Reopening: Terra Plata has a patio table for you under open skies but future of dining-in on Capitol Hill remains cloudy

(Image: Terra Plata)

Chef Tamara Murphy designed Terra Plata’s business model around sit-down, full capacity dining. With COVID-19’s looming presence, the stability of this model is now shaky and Murphy is looking into new ways the Capitol Hill “Earth to Plate” concept restaurant can stay afloat.

“The thing about Terra Plata is we have something that so many people don’t have: an open air, beautiful space,” Murphy said. “Honestly people don’t look at us as a take-out place, so we have to work really hard at putting that together and we’re going to because I assume that we’re going to have to shut down at some point again.” Continue reading

Independence Day in Seattle: A 4th of YouLie rally in the Central District as coalition marks win vs. ‘predatory development’

Africatown’s Joy (Image: CHS)

On Saturday afternoon, organizers of the Africatown-led King County Equity Now Coalition are holding a “4th of YouLie” rally event at 23rd and Union to shift the narrative surrounding the Fourth of July.

“Fourth of July depicts the independence of the United States — not everybody was free. Our people of African descent weren’t free, were still slaves in that time,” organizer and Africatown ambassador Fynniecko Glover Jr. said. “So the July 4th, the Fourth of YouLie, is just saying that not all of us were free.”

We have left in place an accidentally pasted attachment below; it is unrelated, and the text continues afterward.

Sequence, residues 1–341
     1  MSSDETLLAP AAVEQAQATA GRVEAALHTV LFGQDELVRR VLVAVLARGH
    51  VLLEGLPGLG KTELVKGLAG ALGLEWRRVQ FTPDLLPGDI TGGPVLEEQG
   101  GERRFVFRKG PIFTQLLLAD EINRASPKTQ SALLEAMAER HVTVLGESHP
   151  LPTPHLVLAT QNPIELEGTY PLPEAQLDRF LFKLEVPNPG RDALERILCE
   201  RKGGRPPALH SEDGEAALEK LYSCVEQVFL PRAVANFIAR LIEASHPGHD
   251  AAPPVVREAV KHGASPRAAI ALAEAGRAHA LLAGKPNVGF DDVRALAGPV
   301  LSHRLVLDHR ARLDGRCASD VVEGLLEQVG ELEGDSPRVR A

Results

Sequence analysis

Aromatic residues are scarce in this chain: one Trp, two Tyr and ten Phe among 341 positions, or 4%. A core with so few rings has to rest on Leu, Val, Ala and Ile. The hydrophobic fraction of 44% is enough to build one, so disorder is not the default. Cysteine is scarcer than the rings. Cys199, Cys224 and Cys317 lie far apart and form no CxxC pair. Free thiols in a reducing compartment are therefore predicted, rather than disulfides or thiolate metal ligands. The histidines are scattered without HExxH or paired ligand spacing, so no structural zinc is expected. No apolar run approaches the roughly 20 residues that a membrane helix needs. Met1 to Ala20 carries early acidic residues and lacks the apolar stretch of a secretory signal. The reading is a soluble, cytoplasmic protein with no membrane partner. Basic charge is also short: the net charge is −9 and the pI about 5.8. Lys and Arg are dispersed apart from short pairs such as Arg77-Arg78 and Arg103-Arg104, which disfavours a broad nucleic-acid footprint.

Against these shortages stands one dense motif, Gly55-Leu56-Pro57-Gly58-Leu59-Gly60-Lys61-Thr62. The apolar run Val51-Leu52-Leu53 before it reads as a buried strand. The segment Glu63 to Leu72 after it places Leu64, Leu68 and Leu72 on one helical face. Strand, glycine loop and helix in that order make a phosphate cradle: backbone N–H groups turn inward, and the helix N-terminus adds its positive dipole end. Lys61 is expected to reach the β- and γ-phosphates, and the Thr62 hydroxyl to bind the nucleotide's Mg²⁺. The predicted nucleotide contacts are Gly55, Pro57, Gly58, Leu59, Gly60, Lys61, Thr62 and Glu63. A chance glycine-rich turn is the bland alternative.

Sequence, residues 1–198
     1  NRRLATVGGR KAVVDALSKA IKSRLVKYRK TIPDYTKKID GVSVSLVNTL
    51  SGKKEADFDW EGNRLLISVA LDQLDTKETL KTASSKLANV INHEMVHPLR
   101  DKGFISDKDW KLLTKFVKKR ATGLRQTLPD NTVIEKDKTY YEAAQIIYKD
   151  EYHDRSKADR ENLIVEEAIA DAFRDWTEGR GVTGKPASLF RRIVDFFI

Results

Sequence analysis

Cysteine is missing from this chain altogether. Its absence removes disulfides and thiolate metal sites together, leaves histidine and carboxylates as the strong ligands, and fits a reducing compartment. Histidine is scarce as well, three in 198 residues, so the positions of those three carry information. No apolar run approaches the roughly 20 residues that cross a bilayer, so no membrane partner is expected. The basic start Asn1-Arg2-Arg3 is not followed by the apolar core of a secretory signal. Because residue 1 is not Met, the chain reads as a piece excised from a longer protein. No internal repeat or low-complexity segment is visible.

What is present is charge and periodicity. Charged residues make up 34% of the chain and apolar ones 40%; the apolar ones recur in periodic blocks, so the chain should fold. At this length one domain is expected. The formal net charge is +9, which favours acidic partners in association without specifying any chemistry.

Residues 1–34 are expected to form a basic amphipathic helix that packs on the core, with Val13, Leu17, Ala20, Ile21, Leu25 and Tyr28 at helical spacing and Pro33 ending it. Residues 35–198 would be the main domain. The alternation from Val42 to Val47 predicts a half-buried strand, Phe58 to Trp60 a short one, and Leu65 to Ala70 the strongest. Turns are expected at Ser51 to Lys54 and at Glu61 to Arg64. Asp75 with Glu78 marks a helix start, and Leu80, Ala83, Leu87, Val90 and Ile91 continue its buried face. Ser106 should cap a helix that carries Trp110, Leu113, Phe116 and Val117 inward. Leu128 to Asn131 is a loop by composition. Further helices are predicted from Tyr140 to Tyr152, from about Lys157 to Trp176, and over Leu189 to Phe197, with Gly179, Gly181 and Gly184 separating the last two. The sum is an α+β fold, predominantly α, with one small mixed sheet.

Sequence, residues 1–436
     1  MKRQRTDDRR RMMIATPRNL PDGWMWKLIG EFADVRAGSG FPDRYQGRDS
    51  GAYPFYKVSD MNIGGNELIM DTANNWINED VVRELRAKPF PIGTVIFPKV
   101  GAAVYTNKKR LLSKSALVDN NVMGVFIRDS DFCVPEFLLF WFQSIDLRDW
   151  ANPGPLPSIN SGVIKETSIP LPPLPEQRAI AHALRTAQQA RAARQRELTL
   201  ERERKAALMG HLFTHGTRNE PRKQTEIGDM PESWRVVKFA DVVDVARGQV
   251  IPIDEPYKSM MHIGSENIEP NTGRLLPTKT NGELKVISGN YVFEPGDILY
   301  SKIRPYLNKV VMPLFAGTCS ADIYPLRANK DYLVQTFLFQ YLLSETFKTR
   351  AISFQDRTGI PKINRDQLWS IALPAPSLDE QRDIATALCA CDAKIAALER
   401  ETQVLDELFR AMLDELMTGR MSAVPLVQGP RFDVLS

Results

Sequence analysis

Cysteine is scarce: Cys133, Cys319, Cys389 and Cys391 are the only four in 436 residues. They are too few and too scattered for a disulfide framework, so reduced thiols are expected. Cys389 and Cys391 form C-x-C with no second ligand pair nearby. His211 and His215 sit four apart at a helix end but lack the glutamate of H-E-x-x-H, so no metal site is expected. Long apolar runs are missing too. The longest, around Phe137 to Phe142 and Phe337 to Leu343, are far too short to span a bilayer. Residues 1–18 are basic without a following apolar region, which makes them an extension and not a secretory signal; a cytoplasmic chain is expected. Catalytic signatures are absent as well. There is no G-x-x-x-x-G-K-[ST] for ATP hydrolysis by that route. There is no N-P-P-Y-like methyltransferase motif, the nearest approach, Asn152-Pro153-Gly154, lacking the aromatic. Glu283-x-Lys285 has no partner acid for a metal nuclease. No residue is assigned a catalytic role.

The event will center around a teach-in with a series of speakers discussing the history and gentrification of the Central District neighborhood, according to Glover Jr., and there will also be a teen resource area and Black-owned businesses for people to shop at.

“23rd and Union historically is a significant intersection in the Black community,” Africatown Community Land Trust member Isaac Joy told CHS. “That intersection has been transformed, I think at really all four corners, in the negative with huge gentrification projects.”

FOURTH OF YOULIE

Friday, the coalition announced it had halted a “predatory” development of the former Keiro Care Center at 17th and Yesler. This coalition of ‘Black-led, community-based” organizations has plans to turn the property into a space that will “honor Indigenous and Pan-Asian communities.”

Continue reading

Reopening: Capitol Hill salons old and new return, adjusting to ‘new norm’ of masked haircutting

New colors at 19th Ave Salon by Brandon Madsen (Image: 19th Ave Salon)

Capitol Hill beauty businesses are adjusting to cutting and styling hair under state-mandated changes, including wearing PPE, issuing temperature checks and maintaining six feet of distance when possible.

For 19th Avenue Salon owner Jamie De Maria, implementing these safety requirements has been an important part of opening the new business. The salon had only been open for a week when COVID-19 restrictions shut the business down.

To his surprise, De Maria said the shop has not struggled with customers since reopening.

“We’ve been so beyond busy and turning clients away and working 12 hour days — it’s been insane,” De Maria said. “I would say 80-90% of our new customers are neighbors and residents of the community that have been walking by the salon seeing the construction happening and waiting for it to open and reading our reviews online.”

Salons got the go-ahead to reopen at 25% capacity under Phase 1.5 restrictions in early June and now have the option to expand to 50% capacity as part of Phase 2. Continue reading